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Questions.

EDIT: readers please note that while this question arose in research, the OP was so hung-up on a question concerning infinite planar graphs that a strong a-forteriori-reason, kindly pointed out by the answerer below, for why (A) is true was overlooked. The question as it stands is trivial. It will perhaps be edited to include the (still open) graph theoretical question, in due course. END OF EDIT

(0) How would you prove, in usual topology, the following assertion:

(A) There does not exist any plane isotopy carrying the subset $S=\{ (\exp(t)\ \cos(t),\exp(t)\ \sin(t)|\quad t\in\mathbb{R}\}\subseteq\mathbb{R}^2$ onto the subset $R=\{ (t,0)|\quad t\in\mathbb{R}\}\subseteq\mathbb{R}^2$.

(1) Independent of (0), in a bibliographic/reference-requestish vein:

(B) In what literature references does (something equivalent to) (A) recognizably appear? (I'm interested in as many relevant references as possible, in any of the media: book, lecture notes, research paper, website.)

Remarks.

  • In $A$, all technical terms are standard terms of basic topology nowadays. The term plane isotopy would in some contexts often called by the more general term ambient isotopy. For what it's worth, a definition of the central notion here is the following.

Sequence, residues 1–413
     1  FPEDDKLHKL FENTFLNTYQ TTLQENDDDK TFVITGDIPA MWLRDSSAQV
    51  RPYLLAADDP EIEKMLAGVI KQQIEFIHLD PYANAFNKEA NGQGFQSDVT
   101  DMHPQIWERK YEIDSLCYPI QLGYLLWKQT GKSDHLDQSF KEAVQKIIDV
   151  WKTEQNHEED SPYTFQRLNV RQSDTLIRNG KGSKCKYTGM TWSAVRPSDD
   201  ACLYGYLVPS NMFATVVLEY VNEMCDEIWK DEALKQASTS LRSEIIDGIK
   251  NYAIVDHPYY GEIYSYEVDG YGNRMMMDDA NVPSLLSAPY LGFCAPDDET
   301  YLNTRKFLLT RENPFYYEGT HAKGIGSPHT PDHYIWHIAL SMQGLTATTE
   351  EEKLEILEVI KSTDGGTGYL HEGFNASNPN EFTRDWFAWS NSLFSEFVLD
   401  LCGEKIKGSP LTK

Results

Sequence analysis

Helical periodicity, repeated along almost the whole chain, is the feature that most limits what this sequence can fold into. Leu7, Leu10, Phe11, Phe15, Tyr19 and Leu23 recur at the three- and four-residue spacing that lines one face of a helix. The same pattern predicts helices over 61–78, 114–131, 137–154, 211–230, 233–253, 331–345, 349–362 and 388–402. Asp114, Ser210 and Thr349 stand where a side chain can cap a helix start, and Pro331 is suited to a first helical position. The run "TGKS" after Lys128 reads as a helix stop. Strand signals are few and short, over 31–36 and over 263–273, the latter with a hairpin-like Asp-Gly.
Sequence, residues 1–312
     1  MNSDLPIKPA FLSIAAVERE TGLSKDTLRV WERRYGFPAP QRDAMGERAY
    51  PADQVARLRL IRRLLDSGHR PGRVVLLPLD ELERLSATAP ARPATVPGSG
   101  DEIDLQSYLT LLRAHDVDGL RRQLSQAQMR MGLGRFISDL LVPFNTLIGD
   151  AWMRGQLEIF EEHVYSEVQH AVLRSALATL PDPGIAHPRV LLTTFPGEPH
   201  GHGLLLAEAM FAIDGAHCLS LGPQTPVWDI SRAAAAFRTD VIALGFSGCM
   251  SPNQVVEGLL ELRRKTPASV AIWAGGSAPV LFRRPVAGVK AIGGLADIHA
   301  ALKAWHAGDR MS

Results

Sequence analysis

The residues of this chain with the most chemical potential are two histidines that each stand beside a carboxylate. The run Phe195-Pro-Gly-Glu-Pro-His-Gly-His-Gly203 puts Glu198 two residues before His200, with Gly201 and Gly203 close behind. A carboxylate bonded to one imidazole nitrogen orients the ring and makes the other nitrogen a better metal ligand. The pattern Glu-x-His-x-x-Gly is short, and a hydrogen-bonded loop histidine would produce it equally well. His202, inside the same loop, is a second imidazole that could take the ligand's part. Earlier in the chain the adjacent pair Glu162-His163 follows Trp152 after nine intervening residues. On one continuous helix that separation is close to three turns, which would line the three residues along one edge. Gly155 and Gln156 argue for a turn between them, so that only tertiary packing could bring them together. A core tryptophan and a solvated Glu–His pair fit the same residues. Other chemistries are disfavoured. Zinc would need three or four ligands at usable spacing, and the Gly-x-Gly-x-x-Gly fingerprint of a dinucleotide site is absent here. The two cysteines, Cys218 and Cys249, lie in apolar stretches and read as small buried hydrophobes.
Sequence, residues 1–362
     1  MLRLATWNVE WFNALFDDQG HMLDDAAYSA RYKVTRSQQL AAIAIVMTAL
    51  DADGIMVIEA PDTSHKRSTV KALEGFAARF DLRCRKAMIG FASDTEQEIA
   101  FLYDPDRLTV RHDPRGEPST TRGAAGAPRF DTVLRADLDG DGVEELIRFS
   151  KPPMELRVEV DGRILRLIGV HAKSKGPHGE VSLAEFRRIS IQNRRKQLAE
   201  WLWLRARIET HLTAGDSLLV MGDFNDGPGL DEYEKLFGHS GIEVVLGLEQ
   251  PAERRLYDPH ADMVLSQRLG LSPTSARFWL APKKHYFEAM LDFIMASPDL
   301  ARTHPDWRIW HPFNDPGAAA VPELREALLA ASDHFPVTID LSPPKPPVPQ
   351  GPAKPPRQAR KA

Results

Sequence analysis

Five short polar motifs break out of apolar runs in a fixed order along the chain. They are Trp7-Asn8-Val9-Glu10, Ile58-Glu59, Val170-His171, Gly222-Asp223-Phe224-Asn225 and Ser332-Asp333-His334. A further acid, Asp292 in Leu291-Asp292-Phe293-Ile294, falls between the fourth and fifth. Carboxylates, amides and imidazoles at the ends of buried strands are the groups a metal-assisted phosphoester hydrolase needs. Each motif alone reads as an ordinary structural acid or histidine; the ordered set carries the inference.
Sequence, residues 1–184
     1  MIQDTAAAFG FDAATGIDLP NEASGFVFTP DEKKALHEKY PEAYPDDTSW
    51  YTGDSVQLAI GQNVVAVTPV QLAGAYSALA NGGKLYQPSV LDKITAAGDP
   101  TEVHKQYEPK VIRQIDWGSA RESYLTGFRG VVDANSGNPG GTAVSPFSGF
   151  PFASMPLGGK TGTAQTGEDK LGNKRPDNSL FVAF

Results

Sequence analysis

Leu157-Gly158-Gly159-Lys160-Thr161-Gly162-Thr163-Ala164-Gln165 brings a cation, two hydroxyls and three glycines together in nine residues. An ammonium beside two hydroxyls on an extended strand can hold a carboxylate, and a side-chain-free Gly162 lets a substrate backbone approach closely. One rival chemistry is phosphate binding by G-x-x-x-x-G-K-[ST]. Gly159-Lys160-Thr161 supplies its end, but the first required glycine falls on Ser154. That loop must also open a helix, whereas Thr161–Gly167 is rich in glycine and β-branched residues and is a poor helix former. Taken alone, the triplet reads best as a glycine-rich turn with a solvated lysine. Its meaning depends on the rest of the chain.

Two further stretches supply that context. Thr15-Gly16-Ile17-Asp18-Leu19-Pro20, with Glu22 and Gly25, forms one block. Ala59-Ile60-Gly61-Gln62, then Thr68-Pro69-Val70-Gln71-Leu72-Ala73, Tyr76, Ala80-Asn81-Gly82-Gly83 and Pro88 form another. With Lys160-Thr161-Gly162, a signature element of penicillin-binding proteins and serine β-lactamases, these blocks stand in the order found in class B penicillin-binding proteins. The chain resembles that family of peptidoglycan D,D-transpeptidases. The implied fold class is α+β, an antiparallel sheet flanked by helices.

Let

$\eta_S\colon \mathbb{R}\rightarrow\mathbb{R}^2$ be given by $\eta_S(t) = (\exp(t)\cdot\cos(t),\exp(t)\cdot\sin(t))$,

and

$\eta_R\colon \mathbb{R}\rightarrow\mathbb{R}^2$ be given by $\eta_R(t) = (t,0)$.

Then a plane isotopy is any continuous set-map

$\theta\colon \mathbb{R}^2\times[0,1]\rightarrow\mathbb{R}^2$

satisfying the three axioms

(A.0) for all $v\in\mathbb{R}^2$, $v=\theta(v,0)$,

(A.1) for all $t\in[0,1]$, $v\mapsto\theta(v,t)$ defines a homeomorphism $\mathbb{R}^2\rightarrow\mathbb{R}^2$,

(A.2) $(v\mapsto \theta(v,1))\circ\eta_S = \eta_R$, equal as set-maps.

  • I am less, but also, interested in the correct answer here, more in different writing- and proof-styles, some more efficient than others, localized at this very question.

  • Of course, $S\subseteq\mathbb{R}^2$ 'looks' something like the blue line in the following illustration: enter image description here

(Made with Sage.)

  • Motivation for this question is that (A) came up in research about (three-connected) infinite planar graphs, and I need to know more about and around it.
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closed as off-topic by Andrés E. Caicedo, Gabriel C. Drummond-Cole, Andy Putman, John Pardon, Anton Petrunin Aug 5 '17 at 23:19

This question appears to be off-topic. The users who voted to close gave this specific reason:

  • "This question does not appear to be about research level mathematics within the scope defined in the help center." – Andrés E. Caicedo, Gabriel C. Drummond-Cole, Andy Putman
If this question can be reworded to fit the rules in the help center, please edit the question.